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<nettime> Rebirth of Guilds
Ben Moretti on 20 Sep 2000 03:59:12 -0000


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<nettime> Rebirth of Guilds


[the actual report is well worth reading. i have held privately that the mutual
benefit societies and groups that played an important role in south australia
in the 19th century arose due to the inherent weakness of the state in the
colony, and that these groups would re-arise due to the same reasons. i know
adecdotally that there is a long line of these stretching back -- freemasons,
mechanics institutes, mutual benefit funds, etc -- so it only seems logical as
we move into a weak state mode of history, it would happen again. b.]

http://mitsloan.mit.edu/news/releases/2000/guilds.html

Rebirth of guilds-MIT Sloan researchers see a shift in workers'
organizations


CAMBRIDGE, Mass., September 1, 2000 -- Two researchers from the MIT Sloan
School of Management predict that over the next decade or so, there will be
a rise in guild-type organizations to serve the needs of workers who no
longer have traditional jobs.

"For workers to enjoy fully the opportunities this new economy presents,
they will require institutions to help blunt the greater risks they face,"
said MIT Sloan Professor Thomas Malone, who co-authored the working paper
along with Sloan Research Associate Robert Laubacher.

Guilds could provide to contractors and temporary and part-time workers the
financial security, benefits, career education, and social opportunities
that traditionally were provided by long-term employers.

"We are in a significant period of transition in how work is organized,"
said Malone. "The choices we make now will create the world in which our
children and their children will live."

Over one-quarter of American workers currently do not hold traditional,
full-time jobs, but instead work as independent contractors or as part-time
or temporary employees. Some of these people want full-time jobs but can't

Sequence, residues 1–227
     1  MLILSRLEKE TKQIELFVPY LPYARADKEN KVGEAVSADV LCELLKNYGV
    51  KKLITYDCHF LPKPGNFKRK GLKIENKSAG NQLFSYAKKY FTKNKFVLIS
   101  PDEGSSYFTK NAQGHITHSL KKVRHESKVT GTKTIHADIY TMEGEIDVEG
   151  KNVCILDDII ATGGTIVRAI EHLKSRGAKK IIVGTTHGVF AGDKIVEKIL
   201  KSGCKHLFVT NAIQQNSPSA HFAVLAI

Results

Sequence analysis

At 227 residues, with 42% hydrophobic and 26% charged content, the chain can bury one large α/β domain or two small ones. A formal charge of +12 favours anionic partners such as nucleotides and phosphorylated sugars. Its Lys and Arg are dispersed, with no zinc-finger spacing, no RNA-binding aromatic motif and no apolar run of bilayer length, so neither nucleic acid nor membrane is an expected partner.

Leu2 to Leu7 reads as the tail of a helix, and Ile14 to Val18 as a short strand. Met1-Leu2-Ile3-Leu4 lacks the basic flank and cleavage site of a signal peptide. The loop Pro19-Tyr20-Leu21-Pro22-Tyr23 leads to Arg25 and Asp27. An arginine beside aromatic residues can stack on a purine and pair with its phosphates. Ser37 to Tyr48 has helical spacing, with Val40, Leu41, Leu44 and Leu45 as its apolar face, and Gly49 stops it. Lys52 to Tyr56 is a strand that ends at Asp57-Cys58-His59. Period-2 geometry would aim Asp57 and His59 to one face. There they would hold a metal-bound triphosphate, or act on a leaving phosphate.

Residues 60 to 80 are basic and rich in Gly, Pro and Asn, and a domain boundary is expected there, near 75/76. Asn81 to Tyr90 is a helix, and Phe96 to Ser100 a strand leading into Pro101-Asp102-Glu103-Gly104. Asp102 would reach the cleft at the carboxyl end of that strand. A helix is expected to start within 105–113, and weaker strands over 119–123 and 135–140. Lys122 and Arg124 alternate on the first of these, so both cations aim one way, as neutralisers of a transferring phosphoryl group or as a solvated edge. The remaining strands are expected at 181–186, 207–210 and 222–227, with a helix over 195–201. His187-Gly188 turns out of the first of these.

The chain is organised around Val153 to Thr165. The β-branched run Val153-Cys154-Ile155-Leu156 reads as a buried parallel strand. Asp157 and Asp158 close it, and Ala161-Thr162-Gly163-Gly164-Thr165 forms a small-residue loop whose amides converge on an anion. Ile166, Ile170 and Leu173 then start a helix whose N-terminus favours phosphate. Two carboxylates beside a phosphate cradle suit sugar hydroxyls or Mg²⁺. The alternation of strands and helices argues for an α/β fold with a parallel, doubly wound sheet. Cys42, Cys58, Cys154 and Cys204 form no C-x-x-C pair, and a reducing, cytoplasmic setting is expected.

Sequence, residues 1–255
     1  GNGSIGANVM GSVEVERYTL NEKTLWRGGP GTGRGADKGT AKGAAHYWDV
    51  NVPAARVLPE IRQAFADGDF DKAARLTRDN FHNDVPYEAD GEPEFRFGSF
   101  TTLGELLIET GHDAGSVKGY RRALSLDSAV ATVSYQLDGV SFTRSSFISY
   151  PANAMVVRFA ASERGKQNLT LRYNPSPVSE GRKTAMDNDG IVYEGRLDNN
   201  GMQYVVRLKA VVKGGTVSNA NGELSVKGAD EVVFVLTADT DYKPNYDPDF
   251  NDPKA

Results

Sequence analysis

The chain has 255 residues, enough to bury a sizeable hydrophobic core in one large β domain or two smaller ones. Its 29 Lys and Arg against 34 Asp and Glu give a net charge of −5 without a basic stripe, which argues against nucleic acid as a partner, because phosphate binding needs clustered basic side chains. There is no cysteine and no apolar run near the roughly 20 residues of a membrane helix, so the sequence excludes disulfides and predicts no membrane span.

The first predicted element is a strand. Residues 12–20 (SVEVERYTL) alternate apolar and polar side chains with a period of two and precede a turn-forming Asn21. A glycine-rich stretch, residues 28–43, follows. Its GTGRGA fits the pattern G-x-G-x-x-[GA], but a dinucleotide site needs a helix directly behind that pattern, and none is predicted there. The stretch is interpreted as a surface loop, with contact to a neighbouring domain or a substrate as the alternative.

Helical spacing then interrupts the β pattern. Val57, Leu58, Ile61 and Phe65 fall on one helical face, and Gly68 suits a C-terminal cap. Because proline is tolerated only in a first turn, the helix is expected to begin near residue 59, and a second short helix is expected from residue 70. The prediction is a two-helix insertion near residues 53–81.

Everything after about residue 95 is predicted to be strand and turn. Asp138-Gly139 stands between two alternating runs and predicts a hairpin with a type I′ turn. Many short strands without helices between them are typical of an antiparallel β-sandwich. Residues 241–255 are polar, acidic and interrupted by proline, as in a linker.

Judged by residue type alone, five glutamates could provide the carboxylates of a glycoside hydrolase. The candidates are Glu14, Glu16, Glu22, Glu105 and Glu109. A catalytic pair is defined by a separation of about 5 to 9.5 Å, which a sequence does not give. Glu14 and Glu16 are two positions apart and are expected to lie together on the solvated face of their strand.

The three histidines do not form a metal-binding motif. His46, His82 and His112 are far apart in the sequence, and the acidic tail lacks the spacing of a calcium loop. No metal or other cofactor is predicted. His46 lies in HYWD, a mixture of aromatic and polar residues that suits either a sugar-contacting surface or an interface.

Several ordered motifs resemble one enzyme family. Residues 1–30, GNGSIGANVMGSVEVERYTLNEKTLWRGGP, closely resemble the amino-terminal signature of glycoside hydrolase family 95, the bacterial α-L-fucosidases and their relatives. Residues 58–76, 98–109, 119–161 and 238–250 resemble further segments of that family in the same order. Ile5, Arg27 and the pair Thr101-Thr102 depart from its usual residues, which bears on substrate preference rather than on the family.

get them; others, many of them working parents, have voluntarily chosen the
freedom and flexibility of working independently. Researchers Malone and
Robert Laubacher, believe that the most mobile of these flexible workers,
e-lancers-electronically connected free-lancers-will grow in number, as the
new economy becomes more dynamic, and teams of individuals come together for
projects and then dissolve when the work is completed.

The guild approach doesn't rely exclusively on the "usual suspects"-employers
and government-to provide traditional job benefits and support. Instead, it
relies on a rich ecology of other organizations to look after the needs of
mobile workers, as they move from assignment to assignment.

"This guild model is a description of what we already see beginning to
happen, a prediction what we think will become more common, and a
recommendation for policy makers, employers, and others to consider," said
Malone.

"Nascent forms of these guilds have already begun to appear," said
Laubacher. "For example, Working Today, a non-profit in New York, provides
low cost health insurance and other services to freelance technology workers
in Silicon Alley. These organizations are coming in to fill the gap."

In addition, existing groups such as professional societies, unions,
community organizations or temporary staffing firms could expand their
offerings to meet more of the needs of their members.

Another added benefit of guilds in this decentralized economy, "Guild
membership might provide the sense of identity that many of us get from
positions in large organizations," said Laubacher.

This research is an outgrowth of the MIT initiative on "Inventing the
Organizations of the 21st Century which explored the new forms of companies
and work settings as we move into this new century. The research is also
based on findings from surveys and interviews conducted by CDI, a
Philadelphia-based Management Recruiting firm, published in "CDI at Work:
21st Century Thinking." For a copy of the complete Malone/Laubacher working
paper, go to: http://ccs.mit.edu/21c/21cwpmain.html and click on working
paper #033.

For nearly a half-century, the MIT Sloan School of Management, based in
Cambridge, Mass., has been one of the world's leading academic sources of
innovation in management theory and practice. With students from more than
60 countries, it develops effective, innovative, and principled leaders who
advance the global economy.

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